According to Transparency International, Nigeria has slipped five places on the Corruption Perceptions Index (CPI) for 2021. (TI).
In the 2021 index, Nigeria received a score of 24 out of 100.
Nigeria is now ranked 154th out of 180 countries in the Corruption Perceptions Edition for 2021, down from 149th in the previous index.
The CPI is a metric developed by TI to assess the amount of corruption in various nations’ systems. A country’s highest score is 100 points, while its lowest score is zero. The worst-performing countries have a score of zero, while the best-performing countries have a score of 100.
Nigeria is the second most corrupt country in West Africa, behind Guinea, which is placed 150 on the worldwide index.
While the Nigerian administration has constantly maintained that corruption is being reduced, the rating might indicate that corruption is worsening in the country.
Nigeria has been on a downward spiral on the TI’s CPI rating for the second year in a row, with the country’s score dropping from 26 in 2019 to 25 in 2020, and then to 24 in the most recent 2021 report.
During the campaigns for President Muhammadu Buhari’s first election in 2014, the CPI was one of the data points that he and his party, the All Progressives Congress (APC), used to push their anti-corruption agenda against former governments of the opposition People’s Democratic Party (PDP).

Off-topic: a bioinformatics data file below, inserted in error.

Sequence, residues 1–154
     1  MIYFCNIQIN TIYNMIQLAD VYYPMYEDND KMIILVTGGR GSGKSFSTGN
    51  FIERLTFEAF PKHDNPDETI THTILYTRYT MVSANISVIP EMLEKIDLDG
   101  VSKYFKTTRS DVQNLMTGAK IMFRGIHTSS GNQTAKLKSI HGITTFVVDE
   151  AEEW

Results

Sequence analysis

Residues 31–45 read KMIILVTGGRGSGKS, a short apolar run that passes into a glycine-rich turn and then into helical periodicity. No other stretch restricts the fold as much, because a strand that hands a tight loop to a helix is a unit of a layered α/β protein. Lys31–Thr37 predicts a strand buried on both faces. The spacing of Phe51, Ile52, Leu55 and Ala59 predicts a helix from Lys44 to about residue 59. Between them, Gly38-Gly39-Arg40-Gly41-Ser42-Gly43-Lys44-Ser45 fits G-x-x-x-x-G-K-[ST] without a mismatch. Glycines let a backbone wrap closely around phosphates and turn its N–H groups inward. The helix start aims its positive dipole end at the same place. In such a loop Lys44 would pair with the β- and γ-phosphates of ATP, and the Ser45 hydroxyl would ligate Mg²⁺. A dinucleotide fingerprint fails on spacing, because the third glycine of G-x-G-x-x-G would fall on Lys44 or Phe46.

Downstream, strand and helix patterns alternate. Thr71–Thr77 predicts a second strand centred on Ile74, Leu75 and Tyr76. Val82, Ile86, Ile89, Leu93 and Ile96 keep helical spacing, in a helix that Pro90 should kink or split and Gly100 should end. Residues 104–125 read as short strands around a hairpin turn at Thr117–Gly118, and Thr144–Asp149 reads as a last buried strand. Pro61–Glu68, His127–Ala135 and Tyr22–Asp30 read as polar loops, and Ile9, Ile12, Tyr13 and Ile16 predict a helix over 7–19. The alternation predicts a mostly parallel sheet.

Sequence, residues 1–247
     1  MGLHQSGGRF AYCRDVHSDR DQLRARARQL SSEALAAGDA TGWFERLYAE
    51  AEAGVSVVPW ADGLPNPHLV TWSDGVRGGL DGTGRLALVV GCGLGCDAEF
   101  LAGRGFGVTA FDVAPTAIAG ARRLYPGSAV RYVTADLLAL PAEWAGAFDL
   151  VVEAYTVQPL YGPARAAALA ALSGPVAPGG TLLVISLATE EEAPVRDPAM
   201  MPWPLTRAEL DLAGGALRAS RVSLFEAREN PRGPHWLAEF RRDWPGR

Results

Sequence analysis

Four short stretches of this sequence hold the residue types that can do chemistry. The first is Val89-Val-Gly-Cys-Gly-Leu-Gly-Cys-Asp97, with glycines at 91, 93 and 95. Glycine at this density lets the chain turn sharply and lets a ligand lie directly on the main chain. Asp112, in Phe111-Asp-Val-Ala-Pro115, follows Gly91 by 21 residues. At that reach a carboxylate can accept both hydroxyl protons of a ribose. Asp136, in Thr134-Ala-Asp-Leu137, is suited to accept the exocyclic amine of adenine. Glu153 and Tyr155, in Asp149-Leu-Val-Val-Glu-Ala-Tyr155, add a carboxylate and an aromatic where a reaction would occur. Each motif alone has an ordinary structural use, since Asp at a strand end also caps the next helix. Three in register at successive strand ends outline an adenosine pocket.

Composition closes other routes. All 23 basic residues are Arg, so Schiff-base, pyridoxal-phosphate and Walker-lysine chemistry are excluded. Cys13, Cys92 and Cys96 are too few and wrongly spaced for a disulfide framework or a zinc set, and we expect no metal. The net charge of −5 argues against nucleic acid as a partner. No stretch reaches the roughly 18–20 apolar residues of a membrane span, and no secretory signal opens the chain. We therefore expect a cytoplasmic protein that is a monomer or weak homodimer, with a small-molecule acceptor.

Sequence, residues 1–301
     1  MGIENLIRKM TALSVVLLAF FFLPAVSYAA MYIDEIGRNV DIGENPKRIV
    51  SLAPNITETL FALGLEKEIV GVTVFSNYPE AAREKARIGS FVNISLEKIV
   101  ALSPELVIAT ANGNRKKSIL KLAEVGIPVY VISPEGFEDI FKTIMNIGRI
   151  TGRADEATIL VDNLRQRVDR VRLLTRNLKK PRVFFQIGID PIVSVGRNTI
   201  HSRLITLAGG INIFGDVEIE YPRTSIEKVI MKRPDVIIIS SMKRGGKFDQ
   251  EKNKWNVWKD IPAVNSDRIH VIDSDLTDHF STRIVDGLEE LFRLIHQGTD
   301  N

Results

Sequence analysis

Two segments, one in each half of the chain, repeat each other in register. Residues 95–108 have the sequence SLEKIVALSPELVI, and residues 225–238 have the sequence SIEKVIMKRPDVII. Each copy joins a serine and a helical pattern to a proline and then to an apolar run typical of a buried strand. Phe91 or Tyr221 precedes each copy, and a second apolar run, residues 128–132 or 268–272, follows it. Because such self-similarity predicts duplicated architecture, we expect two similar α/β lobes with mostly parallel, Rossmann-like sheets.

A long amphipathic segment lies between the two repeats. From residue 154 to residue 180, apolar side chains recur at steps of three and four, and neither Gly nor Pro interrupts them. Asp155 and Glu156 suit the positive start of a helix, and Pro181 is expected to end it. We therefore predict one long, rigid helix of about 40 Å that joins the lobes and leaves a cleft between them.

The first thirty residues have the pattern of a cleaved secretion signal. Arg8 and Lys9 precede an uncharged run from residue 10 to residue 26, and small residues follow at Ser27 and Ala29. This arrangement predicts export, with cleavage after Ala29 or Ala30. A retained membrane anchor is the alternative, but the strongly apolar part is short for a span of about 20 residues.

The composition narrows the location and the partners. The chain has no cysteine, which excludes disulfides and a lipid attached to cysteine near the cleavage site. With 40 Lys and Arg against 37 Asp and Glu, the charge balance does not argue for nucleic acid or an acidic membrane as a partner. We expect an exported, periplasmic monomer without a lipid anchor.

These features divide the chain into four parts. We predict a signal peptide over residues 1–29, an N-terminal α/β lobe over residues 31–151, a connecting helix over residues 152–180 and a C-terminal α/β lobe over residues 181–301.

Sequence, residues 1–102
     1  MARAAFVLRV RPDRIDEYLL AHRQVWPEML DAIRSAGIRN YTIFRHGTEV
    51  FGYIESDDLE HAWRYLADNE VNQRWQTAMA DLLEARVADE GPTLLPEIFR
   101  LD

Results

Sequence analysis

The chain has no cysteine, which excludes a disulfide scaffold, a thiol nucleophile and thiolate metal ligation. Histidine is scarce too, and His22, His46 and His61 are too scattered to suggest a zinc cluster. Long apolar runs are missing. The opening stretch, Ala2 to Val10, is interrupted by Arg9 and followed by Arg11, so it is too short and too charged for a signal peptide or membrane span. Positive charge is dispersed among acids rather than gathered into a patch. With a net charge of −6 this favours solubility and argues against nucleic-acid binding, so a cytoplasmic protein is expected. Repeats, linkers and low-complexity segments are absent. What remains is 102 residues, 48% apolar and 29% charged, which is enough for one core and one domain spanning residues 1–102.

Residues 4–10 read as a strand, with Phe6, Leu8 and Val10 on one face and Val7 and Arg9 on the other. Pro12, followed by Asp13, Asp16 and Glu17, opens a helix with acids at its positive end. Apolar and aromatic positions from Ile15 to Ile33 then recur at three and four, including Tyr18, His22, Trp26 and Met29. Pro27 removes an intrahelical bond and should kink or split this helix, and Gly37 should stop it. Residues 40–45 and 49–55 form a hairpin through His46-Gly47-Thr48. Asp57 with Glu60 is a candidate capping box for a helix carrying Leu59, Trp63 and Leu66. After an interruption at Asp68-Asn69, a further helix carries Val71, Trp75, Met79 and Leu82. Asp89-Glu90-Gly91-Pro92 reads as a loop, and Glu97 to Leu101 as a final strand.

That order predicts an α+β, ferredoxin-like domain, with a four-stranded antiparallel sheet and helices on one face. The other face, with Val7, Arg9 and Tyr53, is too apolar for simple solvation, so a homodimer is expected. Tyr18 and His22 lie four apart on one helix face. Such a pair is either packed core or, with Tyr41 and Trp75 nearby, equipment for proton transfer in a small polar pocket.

However, after Buhari’s election as president, the Nigerian government has become one of the index’s most vocal detractors, citing the index’s unfavorable scores.
In 2021, Nigeria’s minister of communications and culture, Lai Mohammed, stated the index “does not represent the country’s remarkable advances in its battle against corruption, particularly in the public sector.”
Transparency International released a “sensational and unjustified rating on Nigeria and the battle against corruption,” according to Garba Shehu, a spokesman for Buhari.
“The Buhari government deserves credit for reducing corruption in the public sector, anti-corruption agencies would continue to strongly support prevention, enforcement, public education, and enlightenment initiatives.” He said.
While the president’s spokesperson stated that the “administration is willing to learn from mistakes and make changes, this story is not an accurate picture of the events on the ground.”
“Despite several pledges, 131 nations have achieved no major progress against corruption in the previous decade,” according to Transparency International’s 2021 report.
“The worldwide average remains constant for the ninth year in a row, at barely 43 out of a potential 100 points,” according to Transparency International’s study.